Hiring isn’t getting any easier. Today’s talent acquisition teams must do everything they can to attract candidates, convince them to apply, and keep them engaged until they show up on the job. In a competitive marketplace for talent, a strong employer brand is an essential component in your talent acquisition strategy – and that includes your career site.
In any area of business, there are multiple ways of thinking that no longer serve in the current marketplace. One of those areas in talent acquisition is the insistence upon a certain number of years of experience or educational pedigree. Both hiring managers and recruiters can get stuck in these requirements, limiting their ability to attract talent that has the capacity to do the job but lacks the exact pedigree. Hiring for skills helps you get over this outdated practice and focus on transferable skills and the candidate’s ability to develop them in the workplace.
The good news is that hiring for skills doesn’t require a massive investment in technology or a complete overhaul of your talent management processes. What it does require, however, is optimizing the essential steps of recruiting so that you focus on skills as part of a whole-person assessment strategy.

1. Start with Job Profiles & Job Descriptions
The easiest way to get started with hiring for skills is to start small. By starting with one job profile and one job description, you can build an iterative process to bring a skills-based approach to your talent acquisition processes.
The first place to look is your job profiles. Articulate each skill needed to do the job, and then consider, if candidates really need a degree or a certain number of years of experience to succeed in the role. In positions relating to finance, medicine, law, or data science, degrees and certifications may be required.

2. Include Skills as Part of a Whole-Person Assessment
A potential employee consists of more than their skills. They have behaviors, competencies, preferences, interests, motivations, and experiences that contribute to their profile as a best-fit candidate. Skills are just one lens of many that you need to look through. Acknowledging this fact will help you define what is actually needed for each role in a way that you may not have previously. This includes candidate interest, ability, and internal needs of the business and the team.
For example, a person may require technical skills for a role as a customer support technician, but they may also need to have a natural aptitude for empathy and understanding as they troubleshoot customer issues. Not only that, they have to be motivated to use both soft and hard skills throughout the day. Otherwise, they will feel drained by the job and be a poor fit. So the assessment for this position would include both skills and the candidate’s interests and motivations.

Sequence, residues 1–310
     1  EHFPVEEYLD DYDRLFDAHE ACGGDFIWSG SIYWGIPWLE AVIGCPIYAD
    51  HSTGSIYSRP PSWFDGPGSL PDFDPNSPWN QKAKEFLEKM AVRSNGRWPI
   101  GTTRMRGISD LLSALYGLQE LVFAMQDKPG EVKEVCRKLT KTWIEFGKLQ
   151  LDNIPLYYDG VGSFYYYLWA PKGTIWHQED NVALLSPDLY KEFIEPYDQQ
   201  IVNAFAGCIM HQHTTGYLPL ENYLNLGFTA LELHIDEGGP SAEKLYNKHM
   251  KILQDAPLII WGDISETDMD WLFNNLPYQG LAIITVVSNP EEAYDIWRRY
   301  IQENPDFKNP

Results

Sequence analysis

3. Design an Assessment Strategy
An effective assessment strategy defines what capabilities, behaviors, and skills you will assess at each stage of the hiring process. It also includes how each of these criteria will be assessed, by whom, and through which tools as candidates move through the hiring funnel.
Your assessment strategy may include pre-screening questions, test-based assessments, and interview questions relevant to the role. It should align with a hiring scorecard to facilitate an objective evaluation process. An assessment strategy will include a map of each step along with roles and responsibilities.

4. Ensure Consistency at Each Touch point
The most beautiful assessment strategy will not work without buy-in from every person in the interview process. Make sure that each person – sources, recruiter, hiring manager, and interviewer – knows what skills and competencies they are responsible for assessing.
Clear assessment criteria and a standardized method for documenting it will go a long way toward making whole-person hiring with an emphasis on skills effective.

5. Communicate Continuously to Build Alignment
It may feel like over-communication, but regular discussion among stakeholders will help you build a skill-based hiring muscle and a better recruiting process overall. You may find that you have to revise processes, assessment strategies, scorecards, or interview questions as you go.
In your communications, continually come back to what you set out to do in the beginning: assess candidates on skills and competencies needed by the company, in the role, and on the team. Frequent communication will help everyone stay aligned as candidates progress through the hiring funnel and final selections get made.

6. Let Technology Help Lift the Load
You might be surprised that your current tech stack can help you hire for skills – or that adding on one assessment tool offers a powerful way to level the playing field among candidates. Look for tools that help you assess candidates objectively, build a structured and unbiased interview process, and standardize feedback collection.
As your company builds its skills-based hiring muscle, you may start to consider tools that focus on skills throughout the talent lifecycle. But if you miss the essential aspects of a strong hiring process – effective job profiles, a clearly defined assessment strategy, and consistent execution of it – those tools will not fully realize their purpose.

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